That’s it. It’s a wrap for 2016, and what a year it’s been! It’s been a time in which political surprises and celebrity deaths have made the headlines. But looking at it from Nevion’s and the broadcast industry’s perspective, it’s been just as interesting.
In many ways, 2016 has been the year in which IP has really taken center stage, after spending many years in the wings.
Nevion has had a bumper year in terms of IP projects, some of which we have officially announced. Our technology enabled Canadian nation broadcaster CBC to do the remote production of the summer games. It has enabled German production company PlazaMedia to transform the way they produce their popular sports chat show. Our IP contribution solution is now being used to provide coverage on one of the world’s leading football (soccer) leagues, including transport of an unprecedented 20 camera streams per stadium (sorry, we can’t say more at this stage!). Another IP contribution project enables a major operator to transport coverage of the same football league between Singapore and Australia.
Another influential project involving Nevion was the VRT-EBU LiveIP. This all-IP multivendor project, which started in 2016 as a simple one-camera experiment, ended being used for live production by VRT and being recognized by the industry through 5 major awards.
In terms of product development, Nevion launched the Nevion Virtuoso, a revolutionary new software-driven media node platform with a wide-ranging and field-upgradable functionality, including compression and decompression, transport protection, monitoring and signal processing. Together with Nevion’s management and orchestration VideoIPath (which also saw major enhancements to its functionality in 2016), Nevion Virtuoso will form the backbone to the delivery of Nevion’s vision of a converged WAN/LAN infrastructure supporting virtualization of live production.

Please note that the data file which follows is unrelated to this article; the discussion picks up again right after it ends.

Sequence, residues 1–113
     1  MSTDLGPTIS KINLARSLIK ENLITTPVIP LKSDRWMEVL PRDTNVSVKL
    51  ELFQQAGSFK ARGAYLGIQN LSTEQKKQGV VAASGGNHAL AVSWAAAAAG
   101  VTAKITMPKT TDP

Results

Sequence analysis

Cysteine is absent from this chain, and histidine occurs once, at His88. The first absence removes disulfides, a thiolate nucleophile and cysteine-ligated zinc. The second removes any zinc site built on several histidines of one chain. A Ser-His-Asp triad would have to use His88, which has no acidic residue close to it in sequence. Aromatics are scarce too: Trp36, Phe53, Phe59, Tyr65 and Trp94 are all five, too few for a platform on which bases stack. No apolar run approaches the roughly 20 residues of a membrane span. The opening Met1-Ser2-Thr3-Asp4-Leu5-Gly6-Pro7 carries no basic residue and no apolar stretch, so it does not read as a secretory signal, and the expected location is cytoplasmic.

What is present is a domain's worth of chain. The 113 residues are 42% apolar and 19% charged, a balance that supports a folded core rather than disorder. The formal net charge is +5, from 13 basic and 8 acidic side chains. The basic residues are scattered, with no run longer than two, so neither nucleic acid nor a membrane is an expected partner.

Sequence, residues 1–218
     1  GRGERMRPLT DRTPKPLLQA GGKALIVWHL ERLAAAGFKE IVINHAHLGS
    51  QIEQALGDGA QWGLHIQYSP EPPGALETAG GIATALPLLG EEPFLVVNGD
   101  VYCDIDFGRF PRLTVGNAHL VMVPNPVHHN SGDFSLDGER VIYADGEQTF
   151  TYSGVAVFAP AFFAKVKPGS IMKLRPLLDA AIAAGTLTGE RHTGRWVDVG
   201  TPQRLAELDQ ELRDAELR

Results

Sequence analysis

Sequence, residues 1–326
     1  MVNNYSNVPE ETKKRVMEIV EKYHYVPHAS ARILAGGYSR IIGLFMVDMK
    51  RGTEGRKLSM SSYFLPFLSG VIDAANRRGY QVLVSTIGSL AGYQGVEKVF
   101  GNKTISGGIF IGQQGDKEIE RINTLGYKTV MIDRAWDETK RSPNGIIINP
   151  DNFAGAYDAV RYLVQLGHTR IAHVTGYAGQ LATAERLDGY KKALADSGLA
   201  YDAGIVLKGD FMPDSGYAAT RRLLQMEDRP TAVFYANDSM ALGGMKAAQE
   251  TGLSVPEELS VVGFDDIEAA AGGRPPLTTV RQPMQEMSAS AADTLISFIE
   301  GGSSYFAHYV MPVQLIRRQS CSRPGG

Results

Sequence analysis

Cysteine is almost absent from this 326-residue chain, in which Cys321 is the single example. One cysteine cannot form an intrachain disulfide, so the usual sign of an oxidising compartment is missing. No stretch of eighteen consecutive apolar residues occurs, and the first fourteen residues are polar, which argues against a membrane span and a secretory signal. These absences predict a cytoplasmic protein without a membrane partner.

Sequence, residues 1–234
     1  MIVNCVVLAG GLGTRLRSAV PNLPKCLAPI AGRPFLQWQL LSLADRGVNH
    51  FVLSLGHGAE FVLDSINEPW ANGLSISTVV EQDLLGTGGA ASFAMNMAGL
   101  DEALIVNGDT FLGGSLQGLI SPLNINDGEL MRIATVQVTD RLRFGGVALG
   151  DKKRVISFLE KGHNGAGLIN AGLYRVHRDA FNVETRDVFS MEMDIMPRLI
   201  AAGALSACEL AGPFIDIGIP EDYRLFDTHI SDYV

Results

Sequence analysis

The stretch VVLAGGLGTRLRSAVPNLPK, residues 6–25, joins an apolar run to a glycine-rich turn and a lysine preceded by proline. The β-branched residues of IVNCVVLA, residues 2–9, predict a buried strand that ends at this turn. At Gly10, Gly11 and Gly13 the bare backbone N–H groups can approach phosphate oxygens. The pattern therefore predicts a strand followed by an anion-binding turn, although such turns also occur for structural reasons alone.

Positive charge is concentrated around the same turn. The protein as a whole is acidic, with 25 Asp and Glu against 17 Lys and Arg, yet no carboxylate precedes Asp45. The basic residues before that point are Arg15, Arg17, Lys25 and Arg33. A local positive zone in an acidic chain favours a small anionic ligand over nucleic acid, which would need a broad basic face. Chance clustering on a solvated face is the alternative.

And this brings us back to IP taking centre-stage in 2016. More specifically, this was the year IP finally came of age for live production in studios and campuses. The LiveIP project we previously mentioned demonstrated to a wide audience that multi-vendor, standards-based IP set-ups are now fully capable.
Also important is the emergence of standards. In December 2015, several leading lights in the industry, (including Nevion) founded the Alliance for IP Media Solutions (AIMS) to further the use of open standard and interoperability in IP for broadcasters. By NAB 2016, the roadmap for standards endorsed by AIMS, including SMPTE 2022-6, TR-04, TR-03 and SMPTE 2110, was being supported by nearly all the leading vendors in the industry. By IBC 2016, it was clear that there was no viable alternative. The industry had rallied together to deliver the interoperability that broadcasters needed to leverage the benefits of IP.
So now, at the start of 2017, the industry is ready to embrace real IP in production, and Nevion is in an excellent position to capitalize on this. It’s sure to be another exciting year.